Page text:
Romney Gaffes Give Obama The Lead


It’s going to be exceedingly close, but it appears likely that Barack Obama will be re-elected president of the United States. In doing so, he will become the first president since FDR to be re-elected with an unemployment rate over 7.2 per cent (it’s currently sitting at 7.8 per cent, but has been above 8 per cent for most of the year).

Anything could happen in a week, of course, but it appears unlikely that Romney’s campaign will be able to achieve the necessary wins in battleground states like Ohio and Nevada. Forcing the mood for change and translating it into actual votes is the challenge of running against incumbency. It’ll be close, and I believe that Romney could well win the popular vote, but I don’t think he’s done enough to compel turnaround wins where it matters.

Romney hasn’t been helped by the wider Republican campaign machine making a series of flubs that forced him weigh in on touchy issues like rape and race.

Last week was no exception. Romney campaign figure John Sununu implied that Colin Powell’s endorsement of Obama was because he’s black, and Indiana senatorial candidate Richard Mourdock made some questionable remarks regarding pregnancy from rape just one day after receiving Romney’s endorsement.

"Even when life begins in that horrible situation of rape, it is something that God intended to happen," Mourdock said during a televised debate.

Poor Mitt. No one was much interested in talking about the economy after that one.

By contrast, the Democrats have been fairly well-disciplined. Based on the state of the economy, this should have been an unwinnable election for the Dems: unemployment, while falling, is still high; growth, while improving, is still slow. But this election hasn’t been about that nearly as much as the Republicans would have liked, and their inability to control the conversation and keep their house in order is largely to blame.

Prize endorsements

The news cycle over the weekend was largely dominated by the approach of Hurricane Sandy, but one election-related nugget to squeeze through was the Des Moines Register’s endorsement of Romney, the first time the publication has supported a Republican candidate in the swing state since Richard Nixon in 1972.

"The Register’s editorial board, as it should, had a vigorous debate over this endorsement. Our discussion repeatedly circled back to the nation’s single most important challenge: pulling the economy out of the doldrums, getting more Americans back in the workforce in meaningful jobs with promising futures, and getting the federal government on a track to balance the budget in a bipartisan manner that the country demands.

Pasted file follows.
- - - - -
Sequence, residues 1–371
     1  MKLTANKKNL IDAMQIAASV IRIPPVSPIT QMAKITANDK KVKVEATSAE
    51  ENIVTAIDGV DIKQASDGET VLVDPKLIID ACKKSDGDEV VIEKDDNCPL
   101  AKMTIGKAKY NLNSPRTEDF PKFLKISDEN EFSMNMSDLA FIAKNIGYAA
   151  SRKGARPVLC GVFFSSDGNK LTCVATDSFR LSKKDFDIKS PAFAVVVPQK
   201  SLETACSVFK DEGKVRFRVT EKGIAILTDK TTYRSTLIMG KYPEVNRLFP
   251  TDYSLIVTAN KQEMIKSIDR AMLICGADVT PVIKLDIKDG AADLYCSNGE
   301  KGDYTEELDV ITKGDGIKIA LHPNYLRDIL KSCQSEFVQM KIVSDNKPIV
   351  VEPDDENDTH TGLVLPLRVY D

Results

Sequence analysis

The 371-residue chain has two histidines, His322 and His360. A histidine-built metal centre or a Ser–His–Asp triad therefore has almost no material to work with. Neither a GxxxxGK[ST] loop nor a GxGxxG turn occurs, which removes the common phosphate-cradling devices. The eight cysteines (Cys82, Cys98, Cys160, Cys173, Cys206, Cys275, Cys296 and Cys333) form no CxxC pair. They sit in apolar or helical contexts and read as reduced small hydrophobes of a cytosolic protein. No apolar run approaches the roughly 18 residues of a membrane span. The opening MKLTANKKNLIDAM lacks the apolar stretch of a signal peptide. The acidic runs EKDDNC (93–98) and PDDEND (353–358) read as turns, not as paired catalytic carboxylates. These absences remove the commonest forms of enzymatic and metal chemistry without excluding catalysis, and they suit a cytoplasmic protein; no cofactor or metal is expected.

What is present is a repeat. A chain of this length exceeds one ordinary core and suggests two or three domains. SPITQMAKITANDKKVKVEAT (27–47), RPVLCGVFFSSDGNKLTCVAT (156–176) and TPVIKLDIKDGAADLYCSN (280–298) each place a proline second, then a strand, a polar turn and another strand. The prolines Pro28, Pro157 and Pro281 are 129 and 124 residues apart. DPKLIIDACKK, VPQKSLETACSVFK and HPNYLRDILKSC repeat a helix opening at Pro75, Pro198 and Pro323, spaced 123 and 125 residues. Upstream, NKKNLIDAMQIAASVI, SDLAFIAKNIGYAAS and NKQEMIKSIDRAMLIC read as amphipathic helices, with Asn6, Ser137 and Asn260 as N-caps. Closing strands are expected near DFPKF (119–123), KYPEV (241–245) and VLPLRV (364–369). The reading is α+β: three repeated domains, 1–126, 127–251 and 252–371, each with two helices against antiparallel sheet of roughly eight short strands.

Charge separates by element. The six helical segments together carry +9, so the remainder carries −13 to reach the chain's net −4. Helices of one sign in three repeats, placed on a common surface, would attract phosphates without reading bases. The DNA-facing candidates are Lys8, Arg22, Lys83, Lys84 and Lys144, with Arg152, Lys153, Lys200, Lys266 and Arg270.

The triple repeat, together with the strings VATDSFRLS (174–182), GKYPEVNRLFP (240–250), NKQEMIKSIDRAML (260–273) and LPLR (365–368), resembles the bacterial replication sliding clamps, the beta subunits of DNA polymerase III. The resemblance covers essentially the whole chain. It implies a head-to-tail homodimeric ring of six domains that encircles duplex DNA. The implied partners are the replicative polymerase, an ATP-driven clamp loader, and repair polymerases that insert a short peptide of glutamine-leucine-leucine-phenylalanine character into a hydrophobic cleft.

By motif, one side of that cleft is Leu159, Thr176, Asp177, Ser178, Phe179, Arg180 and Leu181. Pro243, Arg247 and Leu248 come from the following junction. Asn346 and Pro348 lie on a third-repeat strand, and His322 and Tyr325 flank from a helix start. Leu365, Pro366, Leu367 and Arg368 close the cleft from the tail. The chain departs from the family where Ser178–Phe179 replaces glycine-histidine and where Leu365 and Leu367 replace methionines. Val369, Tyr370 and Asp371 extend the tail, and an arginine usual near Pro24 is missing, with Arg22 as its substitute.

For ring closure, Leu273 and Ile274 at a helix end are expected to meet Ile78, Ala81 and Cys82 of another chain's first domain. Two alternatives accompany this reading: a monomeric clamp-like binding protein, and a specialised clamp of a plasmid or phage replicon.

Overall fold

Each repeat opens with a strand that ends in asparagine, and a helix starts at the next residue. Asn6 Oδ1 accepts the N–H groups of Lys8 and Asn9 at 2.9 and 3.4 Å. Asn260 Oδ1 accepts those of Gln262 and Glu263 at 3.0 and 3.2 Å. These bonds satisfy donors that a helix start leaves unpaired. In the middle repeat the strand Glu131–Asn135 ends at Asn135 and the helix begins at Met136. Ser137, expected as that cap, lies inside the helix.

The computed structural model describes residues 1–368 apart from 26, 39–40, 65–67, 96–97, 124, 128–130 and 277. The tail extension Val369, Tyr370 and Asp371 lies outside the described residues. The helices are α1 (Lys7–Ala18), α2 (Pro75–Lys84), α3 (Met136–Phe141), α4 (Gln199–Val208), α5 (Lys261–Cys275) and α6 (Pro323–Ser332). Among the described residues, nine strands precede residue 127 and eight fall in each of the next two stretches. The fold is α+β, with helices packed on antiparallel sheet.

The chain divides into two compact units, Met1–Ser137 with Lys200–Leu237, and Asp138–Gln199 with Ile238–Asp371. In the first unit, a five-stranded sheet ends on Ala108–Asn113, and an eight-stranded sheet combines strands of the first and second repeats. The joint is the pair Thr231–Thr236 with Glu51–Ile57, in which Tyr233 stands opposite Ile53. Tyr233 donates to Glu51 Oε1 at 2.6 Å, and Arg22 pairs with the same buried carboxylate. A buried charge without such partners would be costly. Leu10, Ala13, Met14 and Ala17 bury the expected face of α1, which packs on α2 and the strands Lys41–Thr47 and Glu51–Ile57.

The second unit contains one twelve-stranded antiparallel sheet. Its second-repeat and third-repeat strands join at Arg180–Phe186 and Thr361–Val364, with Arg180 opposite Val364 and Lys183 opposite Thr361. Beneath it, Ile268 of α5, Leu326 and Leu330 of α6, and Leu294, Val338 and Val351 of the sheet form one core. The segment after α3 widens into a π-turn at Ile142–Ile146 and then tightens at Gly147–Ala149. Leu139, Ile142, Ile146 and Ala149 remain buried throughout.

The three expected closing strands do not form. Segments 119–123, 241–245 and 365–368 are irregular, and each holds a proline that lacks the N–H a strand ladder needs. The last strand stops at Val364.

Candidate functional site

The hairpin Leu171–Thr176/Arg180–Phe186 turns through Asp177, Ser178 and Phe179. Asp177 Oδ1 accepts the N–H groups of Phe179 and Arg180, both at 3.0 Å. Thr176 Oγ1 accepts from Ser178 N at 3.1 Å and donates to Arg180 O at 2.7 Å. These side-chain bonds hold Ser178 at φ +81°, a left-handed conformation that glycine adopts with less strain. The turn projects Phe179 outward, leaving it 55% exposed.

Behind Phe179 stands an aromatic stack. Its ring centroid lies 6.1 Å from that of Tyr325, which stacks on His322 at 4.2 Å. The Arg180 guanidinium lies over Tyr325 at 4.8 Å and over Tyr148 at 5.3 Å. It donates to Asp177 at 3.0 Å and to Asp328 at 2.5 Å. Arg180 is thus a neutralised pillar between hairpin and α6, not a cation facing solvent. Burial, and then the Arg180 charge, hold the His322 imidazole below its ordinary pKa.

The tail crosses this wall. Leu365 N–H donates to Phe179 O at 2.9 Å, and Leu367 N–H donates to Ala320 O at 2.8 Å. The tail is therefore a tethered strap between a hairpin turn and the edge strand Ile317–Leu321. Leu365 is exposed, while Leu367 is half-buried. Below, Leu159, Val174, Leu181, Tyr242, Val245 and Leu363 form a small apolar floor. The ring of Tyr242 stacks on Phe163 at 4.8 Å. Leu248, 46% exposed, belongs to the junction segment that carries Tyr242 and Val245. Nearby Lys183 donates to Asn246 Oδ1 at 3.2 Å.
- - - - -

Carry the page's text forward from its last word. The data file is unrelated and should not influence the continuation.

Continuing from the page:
"Which candidate could forge the compromises in Congress to achieve these goals? When the question is framed in those terms, Mitt Romney emerges the stronger candidate."

Conversely, one of Utah’s foremost publications, the Salt Lake Tribune, endorsed Obama.

Acknowledging Romney’s popularity in the state as both a Mormon and the so-called "savior" of the 2002 Winter Olympics, the paper leveled a fairly damning character assessment at Romney, describing him as "the party’s shape-shifting nominee":

"Politicians routinely tailor their words to suit an audience. Romney, though, is shameless, lavishing vastly diverse audiences with words, any words, they would trade their votes to hear."

The final debate, finally

Last week’s debate (mercifully, the last of the campaign) provided probably the most interest for foreigners like myself, though probably not most Americans.

Romney spent most of the debate trying not to look foolish while treading Obama’s turf. He even voiced agreement with Obama’s policies on several occasions (notably with the use of drones), in what was widely regarded as an attempt to appeal to female voters by reducing the partisan squabbling (poor dears just can’t handle it, the commentators seem to think).

Obama landed some solid blows, the best of which came in response to Romney’s jab that the U.S. Navy has fewer ships than it had in 1916:

"Well, Governor, we also have fewer horses and bayonets, because the nature of our military’s changed. We have these things called aircraft carriers where planes land on them. We have these ships that go underwater, nuclear submarines. And so the question is not a game of Battleship where we’re counting ships."

It was probably the only moment of all three debates where one of the candidates managed a concise, quotable and damaging line against their opponent and the inevitable memes surfaced.

Not everyone was crazy about the line, though.

Any Australians looking for an indication of how a Romney presidency or Obama second term would affect matters in our "sphere of influence" would have been disappointed. Even Mali got possibly its first mention in a US presidential debate ever, but it seems that China, Iran, Russia and Israel will continue to take the bulk of the focus for the next four years regardless of who ends up in the Oval Office.

Article of the week

The New Yorker’s endorsement of Obama was typically elegant.

Chart of the week

The Republicans’ have not done well out of this campaign with their various definitions of rape. Here’s a nifty chart to keep track of them all.

Video of the week

The incomparable Tina Fey weighs in.

New Matilda is independent journalism at its finest. The site has been publishing intelligent coverage of Australian and international politics, media and culture since 2004.